Thursday, September 25, 2014

Moms Swirl Squares

I'm not sure if I've ever had these before, I mean I think I have, but I don't think I've had this particular recipe or even had Swirl Squares that my mom might have made, but... she has it handwritten down in her scribbler, so it was worth trying :)

Swirl Square

Going in to making these, I had no clue what they would turn out like. But after seeing them out of the oven, these are chocolate chip cookies baked in a pan ...and a lot easier to make!

I added a 1/2 cup white sugar, 1/2 cup brown sugar, 1 egg, 1/2 tsp vanilla, and 1/2 cup of butter to the mixer and let it go while I got the flour, baking soda, and salt ready.

Once the sugar, butter, and egg mixture was mixed well, I stirred in the flour mixture and then the nuts. I was expecting a batter, but it was really thick. I was really thinking I did something wrong. I checked online for other recipes to see if I was missing a liquid, but I wasn't.  So don't be surprised when it's like a cookie dough!

I pressed it down in to a greased baking pan and dropped the square baking chunks that I had leftover on to the top.  The recipe says to bake for 1 -2 minutes to melt them, but I went for 4 minutes before taking them out of the oven.

Even at 4 minutes they weren't completely melted, but I did my swirling with the knife anyways. I have to say I was a bit concerned with the thickness of the dough and swirling the chocolate through it. I really felt like it would stay all mangled looking and not soften or even out!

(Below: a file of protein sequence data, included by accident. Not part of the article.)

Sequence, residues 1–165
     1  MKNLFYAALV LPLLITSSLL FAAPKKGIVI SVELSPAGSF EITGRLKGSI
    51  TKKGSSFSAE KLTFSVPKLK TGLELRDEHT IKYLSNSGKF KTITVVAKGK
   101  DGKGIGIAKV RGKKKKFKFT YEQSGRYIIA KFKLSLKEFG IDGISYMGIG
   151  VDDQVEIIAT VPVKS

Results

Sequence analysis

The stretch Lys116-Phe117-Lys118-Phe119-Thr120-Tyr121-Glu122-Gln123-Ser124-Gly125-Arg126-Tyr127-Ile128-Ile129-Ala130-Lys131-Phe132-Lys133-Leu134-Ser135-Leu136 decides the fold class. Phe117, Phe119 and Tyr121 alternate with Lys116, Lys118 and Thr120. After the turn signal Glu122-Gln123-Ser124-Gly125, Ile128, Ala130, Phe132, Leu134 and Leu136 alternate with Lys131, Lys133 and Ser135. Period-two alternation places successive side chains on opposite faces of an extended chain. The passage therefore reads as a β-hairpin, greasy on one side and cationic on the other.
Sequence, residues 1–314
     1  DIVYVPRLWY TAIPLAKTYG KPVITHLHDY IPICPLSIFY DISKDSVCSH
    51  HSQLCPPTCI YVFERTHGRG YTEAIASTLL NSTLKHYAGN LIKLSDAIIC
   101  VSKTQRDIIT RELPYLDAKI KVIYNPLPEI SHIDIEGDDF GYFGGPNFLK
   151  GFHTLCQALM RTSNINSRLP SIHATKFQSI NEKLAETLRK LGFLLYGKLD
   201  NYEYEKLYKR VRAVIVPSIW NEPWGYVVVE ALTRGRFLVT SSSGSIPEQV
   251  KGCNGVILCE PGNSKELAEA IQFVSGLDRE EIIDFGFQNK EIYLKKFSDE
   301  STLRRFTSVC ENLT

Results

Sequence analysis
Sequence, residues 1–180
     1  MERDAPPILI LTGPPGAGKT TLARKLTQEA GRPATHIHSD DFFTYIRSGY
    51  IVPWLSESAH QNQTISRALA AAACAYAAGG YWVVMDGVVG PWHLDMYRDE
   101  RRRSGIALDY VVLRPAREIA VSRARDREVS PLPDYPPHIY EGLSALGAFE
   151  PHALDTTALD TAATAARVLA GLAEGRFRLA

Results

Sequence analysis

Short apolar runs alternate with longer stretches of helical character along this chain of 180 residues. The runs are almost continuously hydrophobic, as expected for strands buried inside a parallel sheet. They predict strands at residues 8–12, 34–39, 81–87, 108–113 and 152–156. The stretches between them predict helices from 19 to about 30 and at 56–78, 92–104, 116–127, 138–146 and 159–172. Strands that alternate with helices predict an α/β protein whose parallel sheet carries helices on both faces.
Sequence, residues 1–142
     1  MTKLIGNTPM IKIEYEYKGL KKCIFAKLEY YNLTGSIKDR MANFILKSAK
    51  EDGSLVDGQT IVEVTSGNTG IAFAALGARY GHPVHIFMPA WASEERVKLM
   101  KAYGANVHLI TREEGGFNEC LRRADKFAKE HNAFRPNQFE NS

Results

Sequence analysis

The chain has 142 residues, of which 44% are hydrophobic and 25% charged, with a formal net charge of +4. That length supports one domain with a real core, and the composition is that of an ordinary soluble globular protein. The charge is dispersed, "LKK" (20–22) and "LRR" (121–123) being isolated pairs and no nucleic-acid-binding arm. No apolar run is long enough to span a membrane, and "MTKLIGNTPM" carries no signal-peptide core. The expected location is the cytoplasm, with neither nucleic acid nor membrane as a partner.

I was happy when it came out of the oven looking half decent! But would it be dry and crunchy like toast or grainy or or or... my experience with marbled or swirled desserts has been mostly limited to cake or cheesecake, so it was a pleasant surprise to find out it was basically a giant square cookie.

I had frozen the leftover Nutella Frosting that I used on the Fudge Four O'Clocks, so after a bit of defrosting, I used it on the Swirl Squares.  YUM!

Notes on the recipe:

My mom's recipe has a bit of a glitch in it. She's got an additional measure that isn't tied to anything.

3/4 cup   1/2 cup brown sugar 1/2 cup white sugar

But, it seems like her recipe is half of a Five Roses recipe, somewhat. The Five roses calls for 1 cup brown sugar CHECK! 1/2 cup of white sugar...WAIT! That doesn't add up, but if I cut it in half it's 1/4 cup and if I add it to the half of brown sugar then it equals the 3/4 cup...hrmm..what to do?... I really do think this is the Five Roses recipe from online.

I decided on the 1/2 cup brown and 1/2 cup white. It doesn't seem overly sweet to me, but try it out for yourself :)

Swirl Squares
The recipe and instructions are how she wrote it out.
  • 1/2 cup margarine
  • 3/4 cup   1/2 cup brown sugar 1/2 cup white sugar
  • 1/2 tsp vanilla
  • 1 egg
  • 1 1/8 cup flour
  • 1/2 tsp baking soda
  • 1/2 tsp salt
  • 1/2 cup chopped walnuts
  • 1 cup semi-sweet chocolate chips

  1. In a large bowl measure butter, sugar, vanilla, and egg. 
  2. Beat until blended
  3. Stir in flour, soda, salt, and nuts
  4. Spread in a 9X9 inch greased pan
  5. Sprinkle chocolate chips evenly over the top
  6. Bake 375 F for 1 - 2 minutes until chocolate chips are soft enough to marble.
  7. Run knife through batter
  8. Bake 20 minutes more.

Thursday, September 18, 2014

Fudge Four O'Clocks with Nutella Frosting